Grindhouse was a fun little experiment.
In 2007, filmmakers and buddies Quentin Tarantino and Robert Rodriguez teamed up to craft a double-bill experience that served as an homage to the exploitation double features of the 60s and 70s. Tarantino directed Death Proof, which told of a group of women being stalked by a scarred stuntman (played by Kurt Russell), and Rodriguez’s Planet Terror had an experimental bio-nerve gas cause havoc and turn people into flesh-eating, mutating zombies.
I was lucky to see both films in its intended Grindhouse presentation, complete with faux movie trailers – which Eli Roth, Rob Zombie and Edgar Wright directed. From what I remember, Australia only had a handful of Grindhouse screenings, although each film was unveiled on its own for a short theatrical run. It was generally well received by critics and audiences – at least those who went to see it. It simply didn’t do well financially, making $US25 million worldwide from an overall budget of around $US67 million.
Answering a fan question for Empire, Tarantino said he believed the failure was due to them misjudging how aware wide audiences were of the Grindhouse era of cinema.
“With Grindhouse, I think me and Robert just felt that people had a little more of a concept of the history of double features and exploitation movies. No, they didn’t. At all. They had no idea what the fuck they were watching,” Tarantino said.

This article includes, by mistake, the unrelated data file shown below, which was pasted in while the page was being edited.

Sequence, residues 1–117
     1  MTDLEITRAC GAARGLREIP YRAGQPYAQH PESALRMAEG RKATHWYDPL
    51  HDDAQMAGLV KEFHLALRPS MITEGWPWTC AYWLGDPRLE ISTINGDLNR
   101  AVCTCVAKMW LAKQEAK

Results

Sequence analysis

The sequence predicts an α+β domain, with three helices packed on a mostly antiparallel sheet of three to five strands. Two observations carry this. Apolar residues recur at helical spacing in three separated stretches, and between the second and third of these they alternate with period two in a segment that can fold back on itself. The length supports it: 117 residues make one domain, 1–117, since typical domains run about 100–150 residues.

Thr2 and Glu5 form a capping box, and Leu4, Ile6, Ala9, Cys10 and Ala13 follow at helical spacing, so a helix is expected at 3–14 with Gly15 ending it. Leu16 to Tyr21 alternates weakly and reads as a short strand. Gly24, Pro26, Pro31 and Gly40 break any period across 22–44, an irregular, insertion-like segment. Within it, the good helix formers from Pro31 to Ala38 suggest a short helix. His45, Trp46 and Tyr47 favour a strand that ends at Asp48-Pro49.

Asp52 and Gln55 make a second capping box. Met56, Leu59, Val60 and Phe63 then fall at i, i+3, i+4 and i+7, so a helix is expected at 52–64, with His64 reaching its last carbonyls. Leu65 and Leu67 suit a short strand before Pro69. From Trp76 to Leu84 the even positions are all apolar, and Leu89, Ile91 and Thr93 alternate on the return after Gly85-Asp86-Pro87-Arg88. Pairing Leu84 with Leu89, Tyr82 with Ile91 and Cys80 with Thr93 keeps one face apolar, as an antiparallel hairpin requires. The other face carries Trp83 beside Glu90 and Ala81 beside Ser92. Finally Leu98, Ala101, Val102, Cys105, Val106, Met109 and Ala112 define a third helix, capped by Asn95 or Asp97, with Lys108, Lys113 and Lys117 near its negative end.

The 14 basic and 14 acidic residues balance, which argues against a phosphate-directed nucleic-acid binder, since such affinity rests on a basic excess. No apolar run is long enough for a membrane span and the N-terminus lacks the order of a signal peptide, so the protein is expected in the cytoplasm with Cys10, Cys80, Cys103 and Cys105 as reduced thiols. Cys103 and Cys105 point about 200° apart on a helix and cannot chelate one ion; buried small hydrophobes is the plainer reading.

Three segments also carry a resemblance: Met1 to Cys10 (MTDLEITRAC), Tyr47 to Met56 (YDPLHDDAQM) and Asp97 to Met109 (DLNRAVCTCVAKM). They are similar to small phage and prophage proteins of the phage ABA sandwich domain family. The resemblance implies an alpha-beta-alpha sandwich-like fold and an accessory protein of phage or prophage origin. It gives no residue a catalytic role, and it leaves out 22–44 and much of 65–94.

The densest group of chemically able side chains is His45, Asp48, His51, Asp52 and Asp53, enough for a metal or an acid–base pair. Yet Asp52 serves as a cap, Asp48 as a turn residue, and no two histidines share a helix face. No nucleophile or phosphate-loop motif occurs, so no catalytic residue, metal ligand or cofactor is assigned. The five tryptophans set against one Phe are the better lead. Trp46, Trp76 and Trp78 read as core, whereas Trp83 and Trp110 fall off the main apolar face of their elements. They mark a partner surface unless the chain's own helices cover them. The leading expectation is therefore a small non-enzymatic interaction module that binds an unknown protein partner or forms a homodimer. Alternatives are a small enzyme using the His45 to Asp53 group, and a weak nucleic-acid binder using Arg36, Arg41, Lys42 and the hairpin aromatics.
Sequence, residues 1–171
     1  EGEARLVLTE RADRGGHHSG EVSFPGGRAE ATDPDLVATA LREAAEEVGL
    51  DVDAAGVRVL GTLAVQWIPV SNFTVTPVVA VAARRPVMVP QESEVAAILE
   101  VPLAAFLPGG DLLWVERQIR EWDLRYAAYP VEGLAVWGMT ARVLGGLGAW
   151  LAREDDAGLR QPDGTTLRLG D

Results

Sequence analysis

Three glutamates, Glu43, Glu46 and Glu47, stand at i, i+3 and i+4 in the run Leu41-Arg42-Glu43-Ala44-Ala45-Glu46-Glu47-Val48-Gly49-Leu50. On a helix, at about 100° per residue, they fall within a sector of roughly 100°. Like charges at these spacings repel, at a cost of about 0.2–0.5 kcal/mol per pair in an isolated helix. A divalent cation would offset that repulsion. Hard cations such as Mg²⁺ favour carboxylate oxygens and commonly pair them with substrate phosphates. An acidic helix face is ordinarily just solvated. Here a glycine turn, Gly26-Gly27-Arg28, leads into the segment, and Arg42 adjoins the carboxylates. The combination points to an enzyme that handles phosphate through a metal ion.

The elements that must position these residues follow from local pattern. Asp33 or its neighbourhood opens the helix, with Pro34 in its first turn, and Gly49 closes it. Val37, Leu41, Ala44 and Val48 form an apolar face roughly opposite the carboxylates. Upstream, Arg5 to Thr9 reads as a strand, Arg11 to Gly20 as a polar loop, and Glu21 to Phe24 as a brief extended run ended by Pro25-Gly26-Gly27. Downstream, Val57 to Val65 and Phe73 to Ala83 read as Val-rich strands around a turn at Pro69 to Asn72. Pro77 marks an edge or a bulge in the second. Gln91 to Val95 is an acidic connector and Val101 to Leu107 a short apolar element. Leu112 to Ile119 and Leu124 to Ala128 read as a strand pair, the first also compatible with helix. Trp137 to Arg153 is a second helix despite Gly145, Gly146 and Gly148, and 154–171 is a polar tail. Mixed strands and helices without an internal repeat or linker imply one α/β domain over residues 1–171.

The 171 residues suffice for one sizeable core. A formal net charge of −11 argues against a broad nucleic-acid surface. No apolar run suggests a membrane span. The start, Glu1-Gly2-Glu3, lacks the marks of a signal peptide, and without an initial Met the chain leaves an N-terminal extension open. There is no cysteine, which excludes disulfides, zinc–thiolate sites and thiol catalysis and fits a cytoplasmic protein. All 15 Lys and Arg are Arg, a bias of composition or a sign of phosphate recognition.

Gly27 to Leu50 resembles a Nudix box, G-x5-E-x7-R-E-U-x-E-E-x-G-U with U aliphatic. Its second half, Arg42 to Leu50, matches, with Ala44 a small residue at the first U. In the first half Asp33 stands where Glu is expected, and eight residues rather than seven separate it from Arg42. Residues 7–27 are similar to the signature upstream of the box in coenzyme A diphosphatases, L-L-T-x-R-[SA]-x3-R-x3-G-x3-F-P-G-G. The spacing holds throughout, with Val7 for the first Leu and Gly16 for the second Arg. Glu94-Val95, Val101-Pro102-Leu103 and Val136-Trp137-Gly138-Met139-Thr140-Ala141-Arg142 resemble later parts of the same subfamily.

“It meant nothing to them, alright, what we were doing. So that was a case of being a little too cool for school.”
Tarantino also described his experience taking Shaun of the Dead and Baby Driver helmer Edgar Wright to see Death Proof on opening day in the U.K. – he was met with quite the humbling turn out.
“And we walk in the theatre and there’s about 13 people in there. On the opening 8.30 show, alright? [Laughs] That was a rather humbling experience. But we sat down and watched it and had a good time.”
In this writer’s opinion, both Death Proof and Planet Terror were enjoyable films, although the latter felt more accomplished as its intended Grindhouse homage. I personally thought that while Death Proof did offer a good time, the heavy stretches of Tarantino’s indulgent dialogue made it drag and didn’t quite suit the genre exercise.